“When designing the front feed, we had two choices. First was the jackshaft style and second was the rear shaft driven style. While we have designs for both and have some new product with the rear shaft driven style, the jackshaft version has by far the best efficiency level since it does not have a shaft or extra casting material around the shaft that disrupts the airflow and lowers supercharger efficiency. To make the jackshaft work the way we wanted, we designed a tapered stainless steel jackshaft that allows torsional twist as well as being significantly lighter than a solid shaft,” he explained. “To drive the supercharger, we came up with two more precision helical gears to keep noise to a minimum and offer precision operation. We also lowered the shaft centerline nearly ¾-inch to keep the supercharger pulley down, away from the shrinking hood line which allowed us to run a bigger intercooler. During testing, the jackshaft version of the W175ax compressor required less than 1.5 horsepower more to operate at peak speeds yet gained significant efficiency levels that required lower supercharger speeds, lower power consumption and lower temperatures.”

The front jackshaft bearing is housed inside a casting that is integral to the intake plenum.
The front jackshaft bearing is housed inside a casting that is integral to the intake plenum.

Like the inlet, a new intercooled intake manifold was necessary.

“The previous generation intake manifold for the 5.0-liter was designed with minimal plenum volume as a main goal. With Whipple always going for maximum power, it was imperative to open the intake manifold volume for the amount of the air the larger compressor and larger intercooler will pass. The increased plenum decreases pumping losses and ‘stack-up,’ which significantly fights the supercharger as it tries to force more air into the manifold.” Dustin said. “Because the Fords are unique with the deep valley, the air must make roughly two 180-degree bends, creating the chance for significant air stack-up. We added more area below the intercooler core, giving the air a much nicer, slower rotation back up while the larger intake runners allows for less stack-up as the volume of air makes another sweeping turn. The larger intake gives far less pumping losses by making longer turns and less stack-up, resulting in higher power potential at the same boost levels, as well as significant gains at even higher boost levels.”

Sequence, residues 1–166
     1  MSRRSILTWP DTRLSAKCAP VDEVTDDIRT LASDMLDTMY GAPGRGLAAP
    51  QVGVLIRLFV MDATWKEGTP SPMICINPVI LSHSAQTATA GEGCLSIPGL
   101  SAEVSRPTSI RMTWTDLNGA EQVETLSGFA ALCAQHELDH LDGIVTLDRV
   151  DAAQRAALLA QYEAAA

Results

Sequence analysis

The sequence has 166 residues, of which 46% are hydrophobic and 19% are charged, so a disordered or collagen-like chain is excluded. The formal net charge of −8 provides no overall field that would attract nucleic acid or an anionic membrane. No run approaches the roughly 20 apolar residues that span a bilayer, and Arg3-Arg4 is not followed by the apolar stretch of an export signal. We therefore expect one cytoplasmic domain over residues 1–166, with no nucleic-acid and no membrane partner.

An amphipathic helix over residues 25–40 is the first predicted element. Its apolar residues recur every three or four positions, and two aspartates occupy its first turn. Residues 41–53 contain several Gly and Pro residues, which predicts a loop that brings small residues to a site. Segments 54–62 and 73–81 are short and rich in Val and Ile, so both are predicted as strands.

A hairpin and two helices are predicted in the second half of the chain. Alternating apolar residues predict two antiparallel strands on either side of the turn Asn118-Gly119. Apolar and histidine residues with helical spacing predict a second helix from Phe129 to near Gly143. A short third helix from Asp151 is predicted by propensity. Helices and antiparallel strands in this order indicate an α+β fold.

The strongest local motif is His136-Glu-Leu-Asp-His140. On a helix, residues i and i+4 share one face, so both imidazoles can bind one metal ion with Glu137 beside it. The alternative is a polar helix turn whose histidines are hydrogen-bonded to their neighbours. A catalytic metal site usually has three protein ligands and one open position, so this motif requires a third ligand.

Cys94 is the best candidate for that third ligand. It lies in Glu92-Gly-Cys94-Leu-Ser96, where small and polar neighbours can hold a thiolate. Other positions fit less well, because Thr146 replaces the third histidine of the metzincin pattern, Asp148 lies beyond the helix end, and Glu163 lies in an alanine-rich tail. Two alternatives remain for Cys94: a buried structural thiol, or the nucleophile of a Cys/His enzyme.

Add up these changes, and it makes for a completely new supercharger system for the S550.

Whipple moves the intake air temperature sensor from the mass airflow sensor to an intake runner.
Whipple moves the intake air temperature sensor from the mass airflow sensor to an intake runner.

“With the bigger intake manifold, front feed compressor and lower supercharger pulley centerline, we were able to put a significantly larger intercooler core in our system. The intercooler core surface area is incredibly important to the cooling capacity, which gives us a significant advantage to adding more power per pound of boost then other positive-displacement systems,” he said. “With cooler air charges, we can run more aggressive air/fuel and timing curves, resulting in significant power gains. We also are coupling that with our massive, oversize intercooler coolant reservoir—which features over two gallons of water capacity in the reservoir itself, nearly four times larger than others!—the larger volume allows more consistent power levels from consistent coolant temps.

Whipple created this prototype using 3D printing, which is far less expensive than working with aluminum.
Whipple created this prototype using 3D printing, which is far less expensive than working with aluminum.

“The Whipple 5.0-liter system is also fully compatible with our 10-rib belt system, and because we are running on the forward belt loop, a standard passenger car or truck can upgrade to a 10-rib without sacrificing,” Dustin added. “It’s also a very simple upgrade, including a belt, pulleys, and a balancer.”

It’s always great to get a behind-the-scenes look at an upcoming product, but rest assured that we are not stopping here. SVTP will be covering the installation, tuning, and ultimate performance of the new 2.9-liter Whipple Supercharger System on a 2015 Mustang GT in the near future.